Takin it to the streets, takin’ it to the streets

Is there some part of this that I’m missing? These songs make no sense in the context of a car commercial. I won’t even go into Mitsubishi’s use of the Barenaked Ladies’ “One Week,” a choice I can’t possibly explain. Or maybe I’m overthinking it. Fatboy Slim, Styx, Billy Preston and Shirley Bassey have turned up in car ads lately, so how about this: We see lots of beauty shots of an SUV roaring through mud and sand in the wilderness, and there’s music playing, which the narrator talks over, until it gets to the key lyric: “Where the streets have no name.” Hey, it makes about as much sense!

Another example is the time when Mercedes-Benz used Janis Joplin’s “Oh Lord, Won’t You Buy Me a Mercedes-Benz?” in an ad, utterly devoid of the irony Janis intended. There are dozens of others. It seems to me that somebody should go ahead and pick out some other songs that the ad biz could go ahead and demolish. There are songs that mention products in them, and could be used in an ad the same way this one was, again without irony. Nirvana’s “Smells Like Teen Spirit” is one; Prince’s “Little Red Corvette” is another. The Kinks’ “Lola” has a mention of Coke in it; that would make a nice ad, wouldn’t it? They could use RuPaul as their spokesperson, to compete with Britney.

The Beatles’ “Ticket to Ride” is a natural for Greyhound Bus, and Amtrak could go ahead and pick up Jethro Tull’s “Locomotive Breath.”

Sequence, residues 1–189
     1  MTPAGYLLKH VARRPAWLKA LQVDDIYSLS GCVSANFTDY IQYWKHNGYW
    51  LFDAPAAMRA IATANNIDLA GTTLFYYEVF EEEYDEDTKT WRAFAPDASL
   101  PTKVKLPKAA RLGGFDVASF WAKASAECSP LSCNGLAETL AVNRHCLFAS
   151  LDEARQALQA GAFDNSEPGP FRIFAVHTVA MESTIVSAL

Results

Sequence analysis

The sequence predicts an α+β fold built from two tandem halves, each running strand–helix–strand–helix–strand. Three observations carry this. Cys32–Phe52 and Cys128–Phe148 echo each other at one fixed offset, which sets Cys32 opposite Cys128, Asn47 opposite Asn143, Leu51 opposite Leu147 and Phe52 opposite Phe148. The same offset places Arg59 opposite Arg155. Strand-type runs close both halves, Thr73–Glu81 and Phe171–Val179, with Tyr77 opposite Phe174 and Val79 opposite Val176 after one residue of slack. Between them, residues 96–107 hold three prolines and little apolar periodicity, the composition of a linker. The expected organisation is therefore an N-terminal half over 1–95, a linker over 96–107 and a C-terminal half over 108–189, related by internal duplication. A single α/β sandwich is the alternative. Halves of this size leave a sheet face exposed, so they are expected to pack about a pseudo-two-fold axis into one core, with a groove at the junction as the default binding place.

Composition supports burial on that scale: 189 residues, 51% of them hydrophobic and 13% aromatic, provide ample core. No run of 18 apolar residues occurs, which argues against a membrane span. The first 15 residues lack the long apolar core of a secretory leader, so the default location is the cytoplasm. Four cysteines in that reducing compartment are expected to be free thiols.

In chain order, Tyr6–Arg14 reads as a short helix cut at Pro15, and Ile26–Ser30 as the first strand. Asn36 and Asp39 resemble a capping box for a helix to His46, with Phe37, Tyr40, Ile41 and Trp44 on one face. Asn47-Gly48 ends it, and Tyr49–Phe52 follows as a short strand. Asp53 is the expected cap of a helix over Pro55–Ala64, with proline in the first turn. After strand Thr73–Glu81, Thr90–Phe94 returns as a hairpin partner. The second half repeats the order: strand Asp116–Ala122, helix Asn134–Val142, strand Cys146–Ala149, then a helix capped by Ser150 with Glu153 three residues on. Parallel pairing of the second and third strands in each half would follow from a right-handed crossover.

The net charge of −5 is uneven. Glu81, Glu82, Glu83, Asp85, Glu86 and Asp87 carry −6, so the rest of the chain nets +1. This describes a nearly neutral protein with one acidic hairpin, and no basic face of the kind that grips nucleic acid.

Remember that ’60s protest song by Country Joe and the Fish, the “Feel Like I’m Fixin’ to Die Rag”? They could take a little snip of it and use it for a commercial… The part that goes

One, two, three, what are we fighting for?
Don’t ask me, I don’t give a damn
My next stop is Viet Nam…

It could be an ad for the Viet Nam airline.

Another possibility along the same lines is to snip out a single lyric from Norman Greenbaum’s “Spirit in the Sky.”

“Goin’ up to the spirit in the sky…
…the spirit of American Airlines.”

Here’s one:

There’s a lady who knows
All that glitters is gold
And she’s buying
A stairway to Heaven…
…Visa. It’s everywhere you want to be.

American Express has a card called Blue. They might as well just use Bob Dylan’s “Tangled Up in Blue.”

A few more possibilities:

Born to Run (Bruce Springsteen) – Nike
Let’s Spend the Night Together (Rolling Stones) – Motel 6
Purple Haze (Jimi Hendrix) – Prozac
Where Have All the Flowers Gone? (Pete Seeger) – Claritan
I Wanna Be Sedated (The Ramones) – Sominex
London Calling (The Clash) – AT&T
Light My Fire (The Doors) – Duraflame
Whiter Shade of Pale (Procul Harum) – Oil of Olay
Dirty Deeds Done Dirt Cheap (AC/DC) – Roto Rooter
I Still Haven’t Found What I’m Looking For (U2) – Yellow Pages
Truckin’ (Grateful Dead) – Ryder Rent-a-Truck
Mellow Yellow (Donovan) – Chiquita Bananas
I Can’t Get No Satisfaction (Rolling Stones) – Viagra
You’ve Lost that Lovin’ Feelin (Righteous Brothers) – Viagra

But I’m not going anywhere near the Beach Boys hit “Good Vibrations”….